Web Design Tips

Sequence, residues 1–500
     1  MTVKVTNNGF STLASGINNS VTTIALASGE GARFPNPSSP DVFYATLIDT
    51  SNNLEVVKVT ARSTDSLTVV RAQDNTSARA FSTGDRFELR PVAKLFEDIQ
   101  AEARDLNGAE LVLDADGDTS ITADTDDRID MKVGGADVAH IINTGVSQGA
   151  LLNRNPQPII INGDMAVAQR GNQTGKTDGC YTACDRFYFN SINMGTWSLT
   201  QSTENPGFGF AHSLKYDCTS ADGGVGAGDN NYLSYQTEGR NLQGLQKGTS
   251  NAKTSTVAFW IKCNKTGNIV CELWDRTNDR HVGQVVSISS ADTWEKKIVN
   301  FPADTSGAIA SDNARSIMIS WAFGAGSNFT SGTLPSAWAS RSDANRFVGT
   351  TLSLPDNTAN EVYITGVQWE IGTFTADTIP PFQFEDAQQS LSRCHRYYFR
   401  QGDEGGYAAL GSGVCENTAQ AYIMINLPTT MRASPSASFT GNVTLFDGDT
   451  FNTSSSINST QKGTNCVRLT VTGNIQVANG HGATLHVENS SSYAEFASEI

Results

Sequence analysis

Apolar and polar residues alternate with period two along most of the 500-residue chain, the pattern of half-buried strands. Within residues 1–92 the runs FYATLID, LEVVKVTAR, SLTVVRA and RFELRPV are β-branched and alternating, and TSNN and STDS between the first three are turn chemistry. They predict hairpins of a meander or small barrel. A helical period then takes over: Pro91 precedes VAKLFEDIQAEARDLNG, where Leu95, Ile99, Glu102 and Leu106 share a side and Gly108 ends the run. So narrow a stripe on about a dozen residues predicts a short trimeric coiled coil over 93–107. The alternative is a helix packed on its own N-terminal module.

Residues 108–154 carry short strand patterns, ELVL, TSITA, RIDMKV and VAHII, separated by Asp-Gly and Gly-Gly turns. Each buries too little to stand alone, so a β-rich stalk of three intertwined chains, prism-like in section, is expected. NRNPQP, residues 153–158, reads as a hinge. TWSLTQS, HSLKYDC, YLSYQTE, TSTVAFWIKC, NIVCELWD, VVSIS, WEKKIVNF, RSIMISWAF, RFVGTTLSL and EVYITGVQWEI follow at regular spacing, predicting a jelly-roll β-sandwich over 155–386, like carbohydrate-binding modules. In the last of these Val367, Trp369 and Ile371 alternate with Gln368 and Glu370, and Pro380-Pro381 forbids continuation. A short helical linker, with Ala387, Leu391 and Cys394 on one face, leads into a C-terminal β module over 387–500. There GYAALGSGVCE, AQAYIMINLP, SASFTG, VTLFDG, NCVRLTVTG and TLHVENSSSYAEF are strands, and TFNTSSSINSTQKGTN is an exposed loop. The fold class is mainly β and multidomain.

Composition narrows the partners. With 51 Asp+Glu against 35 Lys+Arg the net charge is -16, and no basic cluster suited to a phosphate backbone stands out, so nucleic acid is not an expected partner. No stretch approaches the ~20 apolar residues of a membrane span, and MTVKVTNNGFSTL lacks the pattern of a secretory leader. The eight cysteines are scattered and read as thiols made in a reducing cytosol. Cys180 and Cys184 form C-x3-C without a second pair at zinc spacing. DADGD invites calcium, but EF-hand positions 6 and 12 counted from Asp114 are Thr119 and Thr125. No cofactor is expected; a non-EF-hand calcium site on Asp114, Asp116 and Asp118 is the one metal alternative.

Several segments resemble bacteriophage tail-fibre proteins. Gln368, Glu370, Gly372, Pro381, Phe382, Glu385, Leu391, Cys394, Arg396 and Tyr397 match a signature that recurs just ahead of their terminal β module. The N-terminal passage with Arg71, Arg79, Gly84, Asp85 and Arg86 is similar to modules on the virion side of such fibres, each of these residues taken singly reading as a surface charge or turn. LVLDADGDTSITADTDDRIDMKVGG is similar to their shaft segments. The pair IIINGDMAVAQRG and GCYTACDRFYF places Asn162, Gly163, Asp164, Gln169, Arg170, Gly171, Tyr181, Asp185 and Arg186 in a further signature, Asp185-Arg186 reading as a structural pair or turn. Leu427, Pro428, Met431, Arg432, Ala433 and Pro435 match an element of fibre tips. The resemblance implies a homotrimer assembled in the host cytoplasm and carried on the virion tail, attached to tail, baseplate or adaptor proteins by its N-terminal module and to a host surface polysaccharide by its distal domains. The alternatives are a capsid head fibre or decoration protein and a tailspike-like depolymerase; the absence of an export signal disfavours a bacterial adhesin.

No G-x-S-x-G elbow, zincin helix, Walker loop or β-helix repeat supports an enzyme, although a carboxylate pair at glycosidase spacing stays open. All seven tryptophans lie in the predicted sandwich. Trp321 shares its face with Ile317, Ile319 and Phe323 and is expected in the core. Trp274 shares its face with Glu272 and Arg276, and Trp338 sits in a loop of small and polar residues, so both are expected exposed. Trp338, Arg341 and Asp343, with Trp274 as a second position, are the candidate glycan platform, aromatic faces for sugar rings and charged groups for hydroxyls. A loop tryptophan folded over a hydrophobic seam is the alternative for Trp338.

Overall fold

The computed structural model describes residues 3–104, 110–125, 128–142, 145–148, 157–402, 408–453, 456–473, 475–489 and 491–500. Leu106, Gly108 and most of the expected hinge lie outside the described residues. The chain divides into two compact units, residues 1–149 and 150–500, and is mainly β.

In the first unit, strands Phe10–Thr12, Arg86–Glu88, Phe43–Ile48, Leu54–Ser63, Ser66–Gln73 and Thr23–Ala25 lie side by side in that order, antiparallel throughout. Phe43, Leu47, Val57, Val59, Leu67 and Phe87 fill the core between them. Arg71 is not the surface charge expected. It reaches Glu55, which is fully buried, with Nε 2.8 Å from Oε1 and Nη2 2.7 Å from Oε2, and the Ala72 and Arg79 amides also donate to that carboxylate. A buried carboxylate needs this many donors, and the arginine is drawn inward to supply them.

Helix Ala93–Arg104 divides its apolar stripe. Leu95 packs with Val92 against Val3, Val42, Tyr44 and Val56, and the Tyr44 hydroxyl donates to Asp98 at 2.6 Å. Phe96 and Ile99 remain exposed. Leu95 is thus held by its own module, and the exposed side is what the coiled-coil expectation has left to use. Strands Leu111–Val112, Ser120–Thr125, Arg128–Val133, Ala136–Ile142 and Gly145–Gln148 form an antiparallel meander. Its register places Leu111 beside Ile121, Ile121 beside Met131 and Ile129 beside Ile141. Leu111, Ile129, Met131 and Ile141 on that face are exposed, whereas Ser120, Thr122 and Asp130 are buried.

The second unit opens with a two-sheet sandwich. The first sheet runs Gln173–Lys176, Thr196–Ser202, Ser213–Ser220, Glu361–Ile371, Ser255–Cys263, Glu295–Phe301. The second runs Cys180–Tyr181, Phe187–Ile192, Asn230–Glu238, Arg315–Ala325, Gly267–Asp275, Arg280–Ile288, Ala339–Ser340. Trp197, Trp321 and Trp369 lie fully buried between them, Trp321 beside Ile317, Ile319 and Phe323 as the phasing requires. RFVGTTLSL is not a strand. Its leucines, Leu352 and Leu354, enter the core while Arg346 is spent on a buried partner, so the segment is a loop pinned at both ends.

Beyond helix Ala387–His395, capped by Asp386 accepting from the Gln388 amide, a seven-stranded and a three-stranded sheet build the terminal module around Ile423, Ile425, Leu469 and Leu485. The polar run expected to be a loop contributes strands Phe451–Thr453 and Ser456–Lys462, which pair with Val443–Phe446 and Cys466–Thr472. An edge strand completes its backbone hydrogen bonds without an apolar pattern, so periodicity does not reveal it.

design-sessionAt the top of the File Explorer window, you can see the path to the current folder: for example, This PC > Windows (C:) > Users > YourName > Documents > MyFolder. This is a breadcrumb navigation trail that shows where you are in the folder tree. You can jump to any folder in the trail by clicking it. Each folder is followed by a ‘>’ symbol. Click that, and the subfolders it contains are displayed in a menu. Click one to jump straight to it. A surprising feature is that you can click a file or folder in the Explorer window and drag it to a folder in the breadcrumb trail to move it. As you hover the dragged item over a folder, the caption under the icon changes to ‘Move to [folder name]’. Drop it and Explorer moves the item to the named folder. Customise ‘Quick access’ The ‘Quick access’ list at the top of the left panel lets you go to commonly used folders in one click. Drag any folder on the hard drive to the ‘Quick access’ list and drop it to add it. Once you’ve added your favourites, click and drag the folders to move them up or down in the list. Right-click folders and select ‘Unpin from Quick access’ to remove them from the list. Strip files of their properties Files contain extra information that isn’t part of the file but tells you something about its contents. The obvious examples are music files, such as MP3s, which store the name of the artist and album; and photos taken on a phone or digital camera, which contain information such as shutter speed, aperture and metering modes. This extra information can be stripped out, and it’s sometimes useful to do this when sharing files on the internet. For example, you might want to remove GPS information that reveals where you live if you share a photo taken at home. Be careful with this tip, though, because the information you remove from the file is erased irreversible. Select a file in Explorer and click the Home tab. Click the arrow under the Properties icon and select ‘Remove properties’. In the window that opens, select ‘Remove the following properties from this file’. Use the Select All button to remove all the information, or tick the box next to each item you want to remove, such as a photo’s GPS coordinates. Alternatively, if you prefer to keep this information and want to make it easier to find, read our ‘Optimise folders for content’ tip (opposite). Control your photos Select one or more photos and a new Manage tab appears at the top of the Explorer window. Select a photo, click Manage and then ‘Set as background’ to make it the Desktop background image. There are also buttons to rotate images left and right, which you can use to rotate more than one image at a time. If you’ve just transferred photos from your camera, open the folder, hold down the Ctrl key while you click any images you want to rotate to portrait orientation, and then rotate them all in one go